A new Clearwater Marine Aquarium for downtown Clearwater
Aquarium wants chance to excel
On Nov. 5, the citizens of Clearwater will be voting to make a very important decision that could materially affect downtown Clearwater and our local economy.
A "no" vote means everything remains status quo, nothing changes.
A "yes" vote will provide the city and Clearwater Marine Aquarium (CMA) with an opportunity for a new downtown aquarium and stimulate expansion of business in the downtown core. It could also create family-oriented activities that may guide the way to a renewed and vibrant downtown.
A few years ago, negative thinking could have sunk a struggling CMA, which in 2006 had 78,000 visitors for the entire year. Instead, we were determined to find a way to not only survive, but flourish.
We put together a business plan and grew attendance by 30 percent a year, even before the movie Dolphin Tale. Winter the dolphin came to us barely hanging on to her life. Our animal care team could have given up on her but didn't. And she survived.
When a possible book deal was being discussed, some said it would never happen (there have been four books written about Winter and two more are in the works).
When talk of a possible movie surfaced, many said it was a pipe dream. Four years later, Dolphin Tale was released and now the sequel, Dolphin Tale 2, is being filmed. Currently, there are discussions with Alcon Entertainment about a possible TV series following the sequel.
Last year, we packed 750,000 guests into an aging, more than 50-year-old, 53,000-square-foot former sewer plant (Florida Aquarium had 200,000 square feet with 600,000 visitors in 2012). That was also a challenge, but our team did it with positive and creative thinking!
Opponents say CMA's project is risky and the Memorandum of Understanding (MOU) between the city and aquarium is non-binding. But the City Council can't enter into a binding agreement until voters approve the use of the land and authorize the council to negotiate a lease with CMA.
The funds must be in place to build the aquarium by 2016 or the project is canceled. Creditors would have no recourse to taxpayers if CMA were to default.
A "yes" vote for the referendum merely authorizes the change of use for the land — only the land identified in the referendum — and authorizes the City Council to negotiate the final terms of the MOU in the best interest of the city. The MOU is nothing more than a letter of intent where, if major changes occur while hammering out details, either side has the opportunity to back out of the agreement.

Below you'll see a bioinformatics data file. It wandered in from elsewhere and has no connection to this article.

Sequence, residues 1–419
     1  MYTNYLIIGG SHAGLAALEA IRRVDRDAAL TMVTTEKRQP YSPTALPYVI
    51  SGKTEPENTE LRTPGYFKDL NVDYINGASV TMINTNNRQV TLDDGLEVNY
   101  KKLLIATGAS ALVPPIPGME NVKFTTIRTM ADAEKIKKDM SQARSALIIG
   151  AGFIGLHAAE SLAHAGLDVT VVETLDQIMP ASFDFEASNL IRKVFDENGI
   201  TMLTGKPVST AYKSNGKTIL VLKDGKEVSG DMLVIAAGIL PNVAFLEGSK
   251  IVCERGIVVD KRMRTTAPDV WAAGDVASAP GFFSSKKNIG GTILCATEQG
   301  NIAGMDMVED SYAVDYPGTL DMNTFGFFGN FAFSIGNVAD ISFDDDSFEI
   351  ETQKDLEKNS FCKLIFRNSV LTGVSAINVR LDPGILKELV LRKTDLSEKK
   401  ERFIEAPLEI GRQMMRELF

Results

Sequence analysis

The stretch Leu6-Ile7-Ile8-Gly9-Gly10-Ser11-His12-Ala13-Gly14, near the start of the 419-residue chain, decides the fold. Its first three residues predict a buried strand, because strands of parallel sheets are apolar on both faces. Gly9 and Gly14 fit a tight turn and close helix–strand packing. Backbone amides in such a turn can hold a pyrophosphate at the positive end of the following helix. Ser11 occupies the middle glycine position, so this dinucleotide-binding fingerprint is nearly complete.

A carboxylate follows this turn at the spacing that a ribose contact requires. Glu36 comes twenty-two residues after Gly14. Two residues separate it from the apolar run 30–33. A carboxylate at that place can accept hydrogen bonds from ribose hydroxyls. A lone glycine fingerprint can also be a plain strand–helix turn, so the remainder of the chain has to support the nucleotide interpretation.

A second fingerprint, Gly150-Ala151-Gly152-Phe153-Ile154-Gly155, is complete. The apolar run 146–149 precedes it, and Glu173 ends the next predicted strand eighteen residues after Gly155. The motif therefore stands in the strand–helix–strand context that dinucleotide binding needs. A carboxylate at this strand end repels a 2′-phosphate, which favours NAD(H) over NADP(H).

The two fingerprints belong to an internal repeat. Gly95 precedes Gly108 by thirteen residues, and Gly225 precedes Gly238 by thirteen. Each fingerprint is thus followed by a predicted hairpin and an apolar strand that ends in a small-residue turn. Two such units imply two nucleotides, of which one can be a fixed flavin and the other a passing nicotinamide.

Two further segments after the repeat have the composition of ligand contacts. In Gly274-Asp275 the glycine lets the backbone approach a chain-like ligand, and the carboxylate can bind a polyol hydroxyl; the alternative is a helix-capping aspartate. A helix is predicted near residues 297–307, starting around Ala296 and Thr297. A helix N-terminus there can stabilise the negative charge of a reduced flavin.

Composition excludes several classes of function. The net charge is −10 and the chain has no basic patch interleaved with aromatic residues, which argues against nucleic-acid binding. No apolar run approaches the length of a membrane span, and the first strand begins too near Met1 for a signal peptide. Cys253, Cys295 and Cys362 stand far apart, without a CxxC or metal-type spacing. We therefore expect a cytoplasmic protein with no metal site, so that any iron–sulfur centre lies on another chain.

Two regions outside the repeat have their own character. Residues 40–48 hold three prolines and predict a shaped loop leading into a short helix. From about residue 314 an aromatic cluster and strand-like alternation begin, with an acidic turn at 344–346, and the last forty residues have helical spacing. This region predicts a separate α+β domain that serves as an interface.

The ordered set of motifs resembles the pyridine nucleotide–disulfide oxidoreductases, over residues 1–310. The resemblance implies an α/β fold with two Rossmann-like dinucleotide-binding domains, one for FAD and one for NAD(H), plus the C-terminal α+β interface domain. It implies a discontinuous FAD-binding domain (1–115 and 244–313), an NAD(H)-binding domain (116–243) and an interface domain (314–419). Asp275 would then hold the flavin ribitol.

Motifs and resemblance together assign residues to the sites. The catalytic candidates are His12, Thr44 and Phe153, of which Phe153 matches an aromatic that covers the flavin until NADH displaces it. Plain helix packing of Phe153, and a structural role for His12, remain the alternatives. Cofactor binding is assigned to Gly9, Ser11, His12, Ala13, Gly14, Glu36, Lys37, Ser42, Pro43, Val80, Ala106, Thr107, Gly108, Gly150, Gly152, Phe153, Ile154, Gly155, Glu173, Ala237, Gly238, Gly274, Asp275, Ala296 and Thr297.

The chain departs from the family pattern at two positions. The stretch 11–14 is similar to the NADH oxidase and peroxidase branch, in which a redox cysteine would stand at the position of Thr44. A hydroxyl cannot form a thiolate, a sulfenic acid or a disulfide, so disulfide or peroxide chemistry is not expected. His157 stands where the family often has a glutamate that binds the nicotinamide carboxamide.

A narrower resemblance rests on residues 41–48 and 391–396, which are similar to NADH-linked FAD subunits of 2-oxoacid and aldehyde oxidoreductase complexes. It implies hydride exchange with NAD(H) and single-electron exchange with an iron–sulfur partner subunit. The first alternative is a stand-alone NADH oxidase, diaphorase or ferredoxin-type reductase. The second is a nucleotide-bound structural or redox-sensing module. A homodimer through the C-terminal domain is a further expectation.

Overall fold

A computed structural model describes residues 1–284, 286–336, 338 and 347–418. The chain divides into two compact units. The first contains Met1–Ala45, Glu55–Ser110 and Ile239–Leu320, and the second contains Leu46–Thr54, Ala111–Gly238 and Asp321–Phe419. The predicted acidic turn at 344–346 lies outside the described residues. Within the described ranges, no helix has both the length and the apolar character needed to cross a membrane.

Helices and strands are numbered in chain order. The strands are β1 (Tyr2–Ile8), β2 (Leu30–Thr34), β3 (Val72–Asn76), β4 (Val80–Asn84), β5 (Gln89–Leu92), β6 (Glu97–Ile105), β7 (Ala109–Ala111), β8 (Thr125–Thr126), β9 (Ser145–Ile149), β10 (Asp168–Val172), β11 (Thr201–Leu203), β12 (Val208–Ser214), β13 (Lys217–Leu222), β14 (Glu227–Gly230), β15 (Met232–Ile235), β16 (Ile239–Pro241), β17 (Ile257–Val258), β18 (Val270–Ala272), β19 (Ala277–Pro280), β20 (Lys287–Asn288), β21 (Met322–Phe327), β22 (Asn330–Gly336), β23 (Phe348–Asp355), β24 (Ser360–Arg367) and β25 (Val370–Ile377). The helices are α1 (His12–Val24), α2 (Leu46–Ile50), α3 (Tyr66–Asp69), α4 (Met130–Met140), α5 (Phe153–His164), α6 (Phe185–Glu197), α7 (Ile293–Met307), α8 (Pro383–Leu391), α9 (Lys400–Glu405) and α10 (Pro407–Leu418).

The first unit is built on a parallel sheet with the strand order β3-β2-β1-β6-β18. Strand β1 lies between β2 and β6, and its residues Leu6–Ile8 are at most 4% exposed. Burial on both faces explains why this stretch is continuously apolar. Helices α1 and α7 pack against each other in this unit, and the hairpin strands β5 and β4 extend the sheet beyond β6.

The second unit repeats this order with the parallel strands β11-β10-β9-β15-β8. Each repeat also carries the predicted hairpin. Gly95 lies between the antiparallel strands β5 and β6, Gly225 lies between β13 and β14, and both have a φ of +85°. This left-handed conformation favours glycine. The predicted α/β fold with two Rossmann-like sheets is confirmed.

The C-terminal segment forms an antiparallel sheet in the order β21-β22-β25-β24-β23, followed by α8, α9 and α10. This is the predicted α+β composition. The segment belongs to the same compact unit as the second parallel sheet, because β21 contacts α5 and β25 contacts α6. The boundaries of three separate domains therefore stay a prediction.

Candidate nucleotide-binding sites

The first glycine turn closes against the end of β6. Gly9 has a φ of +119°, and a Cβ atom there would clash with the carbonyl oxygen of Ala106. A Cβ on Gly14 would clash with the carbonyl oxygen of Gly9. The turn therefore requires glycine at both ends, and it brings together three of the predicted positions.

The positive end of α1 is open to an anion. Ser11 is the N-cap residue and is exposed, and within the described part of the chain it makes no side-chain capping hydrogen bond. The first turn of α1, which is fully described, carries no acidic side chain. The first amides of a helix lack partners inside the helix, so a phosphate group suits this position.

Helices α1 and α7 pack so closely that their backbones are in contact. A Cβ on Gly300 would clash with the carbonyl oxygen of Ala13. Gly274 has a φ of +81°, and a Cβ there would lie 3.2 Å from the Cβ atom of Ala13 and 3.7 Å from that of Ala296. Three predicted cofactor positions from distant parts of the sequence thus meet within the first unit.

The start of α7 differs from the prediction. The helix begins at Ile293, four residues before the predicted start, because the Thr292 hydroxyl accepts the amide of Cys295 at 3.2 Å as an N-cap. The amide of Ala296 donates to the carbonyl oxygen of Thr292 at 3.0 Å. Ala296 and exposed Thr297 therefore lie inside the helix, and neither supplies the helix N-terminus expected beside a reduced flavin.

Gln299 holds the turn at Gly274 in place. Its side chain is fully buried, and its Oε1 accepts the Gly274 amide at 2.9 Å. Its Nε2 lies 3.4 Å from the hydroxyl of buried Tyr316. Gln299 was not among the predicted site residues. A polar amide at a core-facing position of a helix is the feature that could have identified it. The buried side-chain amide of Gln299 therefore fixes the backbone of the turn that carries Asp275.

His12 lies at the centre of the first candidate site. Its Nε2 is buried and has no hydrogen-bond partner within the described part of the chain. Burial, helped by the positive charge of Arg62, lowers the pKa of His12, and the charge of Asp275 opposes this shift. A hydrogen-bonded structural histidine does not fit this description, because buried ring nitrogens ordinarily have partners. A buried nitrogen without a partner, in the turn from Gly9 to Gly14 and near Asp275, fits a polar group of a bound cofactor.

There are many other hurdles to overcome. CMA is asking voters to give us a chance to try and raise the money to provide another opportunity to bring value to the community.
We have overcome much in the past and will succeed in the future with a positive outlook and perseverance. Please vote on Nov. 5.
Frank Dame, chief operating officer, Clearwater Marine Aquarium
Require details on aquarium plan
Our City Charter is the highest law of the city of Clearwater, just as our Constitution is the highest law of the country.
To change our City Charter, under normal circumstances, our city will appoint a group of citizens within every five years to review the charter. They will discuss any suggestions from the City Council or public that might require the charter to be amended, changed or altered by exception — such as the one being asked by the Clearwater Marine Aquarium.
The suggestions are then forwarded to the council for public review and discussion. An ordinance is then prepared by staff, reviewed at public hearings and voted upon to go to referendum if necessary.
I served on the last two Clearwater charter review committees, which were made up of a large, diverse group of Clearwater citizens chosen by the council. The process works very well. Additionally, although rarely, the council may circumvent the committee process and bring changes forward directly by ordinance, which is reviewed by the public and then goes to referendum.
In 1982, the Clearwater City Charter was dramatically changed. Voters decided that the downtown waterfront public properties from Drew Street to Chestnut Street were so special that they should be protected by specific restrictions placed in the charter. This would ensure that the public had ample opportunity to review any developments or plans for these properties.
Normally when we change, amend or alter laws in the city, it is accepted practice to review the changes, get staff comments and then proceed to public hearings, where pertinent documents are dissected by the council, experts and the public. The charter, which is the highest law of the city, should be treated with the same respect.
So now we find ourselves in a peculiar position. We understand that the council is asking us to change the charter to allow the aquarium to lease for 60 years certain public properties on the downtown waterfront. We understand generally what they want to do, but all the specifics for staff, council and public review will come after we change the charter.
There is no need to rush to referendum for this to happen. Shouldn't we change the charter after all the plans, documents and details are reviewed by staff, council, Charter Review Committee and at public hearings?
Howard Warshauer, Clearwater